The microstructures of ZnO films would be different due to their PAA base, and then the antibiofilm properties would be affected. In this work, ZnO films were prepared on PAA with different morphology and modified to improve the hydrophobicity. The antibiofilm properties of Shewanella putrefaciens of the ZnO/PAA composite films were studied. The results provide potential value for the applications in food packaging, food processing equipment, and the other antibacterial functional material fields.

Materials and Methods

Materials

All the reagents used in this study were analytically pure. The de-ionized and sterile water was used to prepare solutions with conductivity lower than 0.5 mS/cm. Shewanella putrefaciens ATCC8071 was purchased from American Type Culture Collection. Aluminum foils of 0.3 mm thickness with aluminum purity over 99.99% were purchased from Shengshida Metal materials Co., Ltd. (China).

Preparation of ZnO/PAA Composite Films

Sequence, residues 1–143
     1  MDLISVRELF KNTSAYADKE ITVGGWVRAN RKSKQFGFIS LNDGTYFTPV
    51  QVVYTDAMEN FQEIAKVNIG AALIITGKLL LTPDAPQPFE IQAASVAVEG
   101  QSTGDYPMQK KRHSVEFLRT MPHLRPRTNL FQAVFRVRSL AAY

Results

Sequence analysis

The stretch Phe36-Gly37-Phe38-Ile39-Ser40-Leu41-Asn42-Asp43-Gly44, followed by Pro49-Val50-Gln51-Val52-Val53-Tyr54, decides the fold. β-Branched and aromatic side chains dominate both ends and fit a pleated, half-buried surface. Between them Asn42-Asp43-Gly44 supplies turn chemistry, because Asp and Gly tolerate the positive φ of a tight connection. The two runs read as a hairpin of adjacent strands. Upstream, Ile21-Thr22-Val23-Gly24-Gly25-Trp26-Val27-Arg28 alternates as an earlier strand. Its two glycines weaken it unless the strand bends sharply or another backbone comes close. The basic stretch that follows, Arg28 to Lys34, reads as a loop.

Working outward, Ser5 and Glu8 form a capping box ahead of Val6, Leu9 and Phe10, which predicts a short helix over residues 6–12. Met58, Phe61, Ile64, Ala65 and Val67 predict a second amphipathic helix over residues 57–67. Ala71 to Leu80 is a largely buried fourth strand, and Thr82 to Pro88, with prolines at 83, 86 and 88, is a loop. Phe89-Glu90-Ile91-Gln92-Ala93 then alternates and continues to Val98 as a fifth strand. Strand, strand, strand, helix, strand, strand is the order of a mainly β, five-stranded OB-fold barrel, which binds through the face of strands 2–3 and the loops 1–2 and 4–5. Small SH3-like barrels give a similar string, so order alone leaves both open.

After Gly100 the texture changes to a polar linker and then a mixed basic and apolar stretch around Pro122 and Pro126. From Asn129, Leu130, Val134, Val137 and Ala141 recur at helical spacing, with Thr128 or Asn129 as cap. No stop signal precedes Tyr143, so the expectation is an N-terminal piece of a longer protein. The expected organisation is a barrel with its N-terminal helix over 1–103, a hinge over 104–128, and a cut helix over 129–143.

Preparation of Porous Anodic Alumina (PAA) Films

A high purity aluminum foil was cut into small dimension of 10 × 30 mm2 and was polished with polishing paste of 50 nm silica by a polisher (WV80, Positec Machinery Co., Ltd., China) and was ultrasonic degreased in acetone at 53 kHz, 280 W for 15 min (SK8210HP, Kudos Ultrasonic Instruments Co. Ltd., Shanghai). Then, the foils were washed two times both with ethanol and water, respectively. The pretreated aluminum foils were used as the anode, the equal-area graphite sheet as the cathode, and the 0.3 mol/L oxalic acid solution as the electrolyte. The first anodization was under the conditions of 30 °C and 40 V for 90 min. After that, the aluminum sheets were immersed in the mixed solution of 6.0 wt% H3PO4 and 1.8 wt% H2CrO4 at 60 °C for 4 h to remove the alumina layers. The second anodization was then performed under the same conditions but for 0, 40, 60, and 80 min, respectively. The porous anodic alumina (PAA) films with a different port model were obtained.